For optimal tempering I would consider refrigeration (my setup is a baking rack holder with cover and an A/C unit blowing cold air in).

I'm not sure what use a refractometer would be. I found hygrometers for $20 and so have a couple around the workshop. The laser (infrared) thermometer is the other gadget I wouldn't want to be without.

My next purchases will probably include a tiny cocoa butter press (Nutrachef, USD$250) which I suspect will be pretty common amongst craft makers. From online descriptions it can get 160g of butter from 500g of liquor in 30 minutes.

I'd also like a proper conche and will look at the one you listed. At a larger scale a Kleego might be more compelling as it can vary many parameters independently.

I think you could put off the roll refiner and ball mill and replace grinding with multiple Premiers, which would let you try many more recipes in parallel.

Sebastian
@sebastian
04/03/16 01:47:12PM
754 posts

That's helpful David - thank you.

A couple of thoughts, if I may.

Roasting - while i have not used the Inox directly, i suspect it's a perfectly suitable piece of equipment. I also suspect that it's more than you require, and i might recommend a Binder oven as an alternative.  Fantastically good temperature control and heat distribution for a fraction of the price.  Regardless of the oven you select, i'd recommend having your machine shop fabricate some standardized roasting trays to hold a fixed amount at a fixed depth with airflow through the bottom.  This will help you with your oven 'recovery' time (when you open the doors and put x amount in, your temperature will drop - the amount of time it takes the oven to come back to it's set temperature is it's recovery time, and is very useful in creating a standardized assessment method).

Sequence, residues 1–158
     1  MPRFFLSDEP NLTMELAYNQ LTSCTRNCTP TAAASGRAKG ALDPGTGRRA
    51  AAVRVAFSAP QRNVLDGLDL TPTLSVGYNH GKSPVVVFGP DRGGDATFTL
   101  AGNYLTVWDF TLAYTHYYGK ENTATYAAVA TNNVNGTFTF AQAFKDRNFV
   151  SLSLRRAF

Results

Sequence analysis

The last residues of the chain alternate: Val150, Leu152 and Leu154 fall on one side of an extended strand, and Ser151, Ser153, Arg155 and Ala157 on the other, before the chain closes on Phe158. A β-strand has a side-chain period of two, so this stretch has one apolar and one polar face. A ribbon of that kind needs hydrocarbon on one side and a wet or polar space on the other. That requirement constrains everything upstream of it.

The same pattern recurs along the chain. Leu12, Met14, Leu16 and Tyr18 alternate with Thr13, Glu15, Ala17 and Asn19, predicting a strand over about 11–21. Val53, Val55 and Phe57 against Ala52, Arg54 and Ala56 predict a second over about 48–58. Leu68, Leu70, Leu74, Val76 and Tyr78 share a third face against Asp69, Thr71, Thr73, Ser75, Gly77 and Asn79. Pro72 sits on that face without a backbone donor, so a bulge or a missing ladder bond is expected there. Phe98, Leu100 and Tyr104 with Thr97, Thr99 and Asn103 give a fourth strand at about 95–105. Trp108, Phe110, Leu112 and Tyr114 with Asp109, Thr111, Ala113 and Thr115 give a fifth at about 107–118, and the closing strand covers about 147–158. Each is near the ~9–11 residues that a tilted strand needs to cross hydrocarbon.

Winnowing - again, it probably a perfectly suitable unit, but if you're open to it, you can build something equally as suitable for 1/5 of the price yourself.  Now, part of what you may want this lab to be is a showcase as well - meaning looks are important - if that's the case, i'd stick with purchasing the commercial unit as a DIY winnower - while as effective, isn't likely to look as nice.

Disc mill - perfectly suitable.  why do you want this?  you've got a ball mill listed later, which i'm assuming  you want to use to make chocolate liquor.  A disc mill is going to perform the same task as a ball mill.  Not sure you need both.  An alternative to both of them i might recommend is a colloid mill.  a number of years ago i was looking for a suitable milling operation that i could install in the jungle anywhere in the world, and i secured a JML colloid mill literally off of ebay to test it.  very cost effective, and while it required me to clean the living daylights out of it beofre i used it, i found it to be a remarkably robust, easy to operate, and efficient piece of equipment for making liquor.